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Police Commissioner Mike Bush said police are searching the Dunedin address where the man accused of murder over yesterday's terror attack lived, but had "to make it safe first".
Mr Bush said in a press conference this afternoon they were searching the Somerville St property using police's powers under the Search and Surveillance Act.
"We had to make it safe first," he said.
A bomb squad with a bomb robot earlier entered a Dunedin street after Prime Minister Jacinda Ardern confirmed a man facing a murder charge for the Christchurch terrorist attack was a Dunedin resident.
A reporter at the scene said by 11.30am the cordon had been lifted. Police were outside the property where the attacker, named as Brenton Harrison Tarrant lived.
Tarrant, whose address was given as Andersons Bay in Dunedin, made an appearance from custody at Christchurch District Court.
At a news conference this morning, Ms Ardern said the main suspect, who is appearing in court this morning charged with murder, had lived in Dunedin.
"This individual has travelled around the world, with sporadic periods of time spent in New Zealand. They were not a resident of Christchurch, in fact they were currently based in Dunedin at the time of this event," she said.
Forty-nine people have died and 90 others have been injured after attacks on two mosques in Christchurch at Friday prayers.
Ms Ardern's comments come as the bomb squad, with a bomb robot, arrived on Somerville St in Dunedin just before 10am as police investigate a "location of interest" on the street linked to the attack.
A person who worked at South Dunedin gym the man frequented said he had been a member since October 2017. She had never heard of him raising his views about muslims.
The attack was a massive shock to members of the gym.
"It's just so crazy. You wouldn't expect something like this."
The man liked to talk about his travels and was often overseas, including a recent trip over the Christmas break.
The man had a strange accent, which she described as sounding like an upper class English accent, with an Australian twang.
This comes after police last night confirmed they are at a Dunedin "location of interest" in relation to the Christchurch terror attack.
A resident of Somerville St where there was a heavy police presence this morning told the Otago Daily Times he was still unable to return to his property, but he had been told a police bomb squad was in town and residents may be able to return after midday.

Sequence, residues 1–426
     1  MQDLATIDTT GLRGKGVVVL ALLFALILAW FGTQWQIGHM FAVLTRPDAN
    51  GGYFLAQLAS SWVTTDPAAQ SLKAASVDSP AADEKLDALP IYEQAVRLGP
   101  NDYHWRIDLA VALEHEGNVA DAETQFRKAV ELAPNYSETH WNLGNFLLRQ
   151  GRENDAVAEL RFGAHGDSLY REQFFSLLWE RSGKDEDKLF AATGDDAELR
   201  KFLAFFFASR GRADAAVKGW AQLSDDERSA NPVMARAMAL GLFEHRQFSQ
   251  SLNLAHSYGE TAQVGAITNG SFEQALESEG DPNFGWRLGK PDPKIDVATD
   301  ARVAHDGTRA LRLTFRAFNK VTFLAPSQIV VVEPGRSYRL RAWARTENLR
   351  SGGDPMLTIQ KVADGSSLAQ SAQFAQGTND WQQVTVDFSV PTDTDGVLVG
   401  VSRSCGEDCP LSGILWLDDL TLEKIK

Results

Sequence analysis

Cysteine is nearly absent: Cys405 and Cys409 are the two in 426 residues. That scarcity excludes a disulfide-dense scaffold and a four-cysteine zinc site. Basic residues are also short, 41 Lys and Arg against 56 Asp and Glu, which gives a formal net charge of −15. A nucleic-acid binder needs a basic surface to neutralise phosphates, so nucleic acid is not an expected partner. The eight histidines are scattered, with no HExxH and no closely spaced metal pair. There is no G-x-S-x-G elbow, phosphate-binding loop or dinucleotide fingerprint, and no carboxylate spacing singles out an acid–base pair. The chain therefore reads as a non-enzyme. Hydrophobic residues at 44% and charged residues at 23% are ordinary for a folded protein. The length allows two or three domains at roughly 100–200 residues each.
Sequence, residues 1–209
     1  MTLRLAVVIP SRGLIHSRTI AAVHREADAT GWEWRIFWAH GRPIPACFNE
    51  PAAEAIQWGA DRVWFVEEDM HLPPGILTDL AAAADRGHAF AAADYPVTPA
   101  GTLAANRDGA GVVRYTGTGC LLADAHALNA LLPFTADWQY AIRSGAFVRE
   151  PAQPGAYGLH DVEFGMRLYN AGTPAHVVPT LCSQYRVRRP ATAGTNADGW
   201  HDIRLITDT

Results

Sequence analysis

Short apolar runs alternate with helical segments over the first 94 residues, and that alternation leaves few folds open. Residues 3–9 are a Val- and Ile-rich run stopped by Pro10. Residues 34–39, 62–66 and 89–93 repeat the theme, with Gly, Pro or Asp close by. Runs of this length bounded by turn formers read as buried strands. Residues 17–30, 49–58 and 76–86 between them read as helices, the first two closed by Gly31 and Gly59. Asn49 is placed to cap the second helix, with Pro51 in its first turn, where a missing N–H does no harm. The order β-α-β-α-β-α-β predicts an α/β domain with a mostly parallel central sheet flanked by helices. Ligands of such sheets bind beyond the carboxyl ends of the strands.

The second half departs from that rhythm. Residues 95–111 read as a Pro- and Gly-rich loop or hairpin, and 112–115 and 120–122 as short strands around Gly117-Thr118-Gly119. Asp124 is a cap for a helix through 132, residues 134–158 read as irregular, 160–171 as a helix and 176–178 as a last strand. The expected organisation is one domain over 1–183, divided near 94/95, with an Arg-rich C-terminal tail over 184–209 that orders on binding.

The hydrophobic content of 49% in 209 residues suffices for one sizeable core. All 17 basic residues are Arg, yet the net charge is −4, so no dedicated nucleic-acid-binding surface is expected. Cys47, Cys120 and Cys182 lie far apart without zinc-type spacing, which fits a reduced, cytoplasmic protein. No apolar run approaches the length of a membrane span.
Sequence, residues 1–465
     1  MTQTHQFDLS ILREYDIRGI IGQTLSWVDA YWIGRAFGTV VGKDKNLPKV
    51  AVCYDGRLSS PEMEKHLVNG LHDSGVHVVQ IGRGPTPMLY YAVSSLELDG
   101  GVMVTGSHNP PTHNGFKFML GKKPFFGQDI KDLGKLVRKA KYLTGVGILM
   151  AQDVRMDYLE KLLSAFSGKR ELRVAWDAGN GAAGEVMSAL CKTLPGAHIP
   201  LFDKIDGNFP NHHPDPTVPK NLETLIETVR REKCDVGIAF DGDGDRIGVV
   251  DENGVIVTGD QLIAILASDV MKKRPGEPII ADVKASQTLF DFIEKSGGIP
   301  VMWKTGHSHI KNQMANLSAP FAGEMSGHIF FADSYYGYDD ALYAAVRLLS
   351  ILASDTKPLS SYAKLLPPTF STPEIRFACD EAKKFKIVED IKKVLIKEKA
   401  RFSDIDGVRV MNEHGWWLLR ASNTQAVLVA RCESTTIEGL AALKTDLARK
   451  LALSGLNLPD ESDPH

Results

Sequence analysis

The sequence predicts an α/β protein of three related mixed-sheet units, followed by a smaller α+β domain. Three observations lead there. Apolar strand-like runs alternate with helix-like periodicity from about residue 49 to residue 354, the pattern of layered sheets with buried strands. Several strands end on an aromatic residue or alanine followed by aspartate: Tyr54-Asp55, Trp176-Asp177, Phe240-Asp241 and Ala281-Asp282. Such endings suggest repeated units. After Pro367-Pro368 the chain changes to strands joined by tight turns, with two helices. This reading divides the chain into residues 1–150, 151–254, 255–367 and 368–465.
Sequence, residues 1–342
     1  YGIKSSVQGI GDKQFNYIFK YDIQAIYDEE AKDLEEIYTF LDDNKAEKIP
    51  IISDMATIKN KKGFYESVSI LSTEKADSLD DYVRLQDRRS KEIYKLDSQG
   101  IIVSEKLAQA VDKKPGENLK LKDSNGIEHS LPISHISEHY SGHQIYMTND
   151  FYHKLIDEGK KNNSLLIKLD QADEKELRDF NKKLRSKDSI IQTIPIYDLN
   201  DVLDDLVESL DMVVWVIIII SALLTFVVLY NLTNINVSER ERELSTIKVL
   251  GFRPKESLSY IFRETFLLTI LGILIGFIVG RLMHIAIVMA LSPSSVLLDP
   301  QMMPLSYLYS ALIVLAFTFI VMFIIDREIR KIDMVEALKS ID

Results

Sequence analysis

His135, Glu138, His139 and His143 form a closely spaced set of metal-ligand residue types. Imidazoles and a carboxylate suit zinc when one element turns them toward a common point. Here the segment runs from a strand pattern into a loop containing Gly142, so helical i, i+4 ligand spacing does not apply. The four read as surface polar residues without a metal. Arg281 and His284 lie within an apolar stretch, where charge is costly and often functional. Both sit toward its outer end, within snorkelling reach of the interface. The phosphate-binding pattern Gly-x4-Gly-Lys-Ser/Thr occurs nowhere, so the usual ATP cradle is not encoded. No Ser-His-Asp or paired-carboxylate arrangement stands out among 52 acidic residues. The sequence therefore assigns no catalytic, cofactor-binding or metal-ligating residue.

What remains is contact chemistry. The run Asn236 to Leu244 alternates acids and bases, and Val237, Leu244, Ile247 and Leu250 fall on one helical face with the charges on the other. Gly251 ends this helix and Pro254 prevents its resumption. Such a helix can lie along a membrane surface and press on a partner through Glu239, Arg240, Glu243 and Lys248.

A mosque shooter said in a manifesto published on social media before the attack he originally planned to target Dunedin's Al Huda Mosque.
Part of Somerville St in the suburb of Andersons Bay remained closed this morning as police investigate a property linked to the yesterday's shootings.
Armed police and a Fire and Emergency New Zealand command unit were present on the street this morning.
Residents were still not allowed to return to their homes.
A car used in the attacks was registered to an address in the street and bought at a Dunedin car yard.
A Somerville St resident, who did not want to be named, said he lived a few houses away from the accused and often saw him working out at a South Dunedin gym.
The resident said the man kept to himself and when they did talk the man said it was only briefly.
It was not known if he lived by himself in the Somerville St property
Police have been unable to say when residents evacuated form their homes last night would be able to return.
A senior Turkish official says the suspect arrested in the New Zealand mosque attack travelled to Turkey multiple times and spent what the official called an "extended period of time in the country.
He says the suspect may have also travelled to countries in Europe, Asia and Africa.
The official spoke on condition of anonymity in line with Turkish government rules.
The official says an investigation is underway of "the suspect's movements and contacts within the country."
He did not say when the suspect travelled to Turkey.
Last night more police flooded the street about 7.30pm and a reporter at the scene at 8.20pm said residents near the property of interest had been evacuated and residents at the cordon told they were not allowed to return.
The street is blocked from Every St up to Dunrobin St.
In the manifesto the man says he originally planned to attack the Al Huda Mosque as a result of a post made by the Otago Muslim Association.
The video on Facebook, he said, was labelled “Only for Muslims. Please do not redistribute”.
However, the man said he later focused his attention further north after a trip to Christchurch.
“After visiting the mosques in Christchurch and Linwood and seeing the desecration of the church that had been converted to a mosque in Ashburton, my plans changed,” he wrote.
He claimed the Christchurch mosques contained “more adults and a prior history of extremism”.
The manifesto also revealed he planned an attack on the Ashburton mosque.
“Whilst I am unsure as of this time of writing whether I will reach that target, it was a bonus objective,” he wrote.
Al Huda Mosque was guarded by armed police for parts of yesterday and this morning a police car and two officers were stationed outside.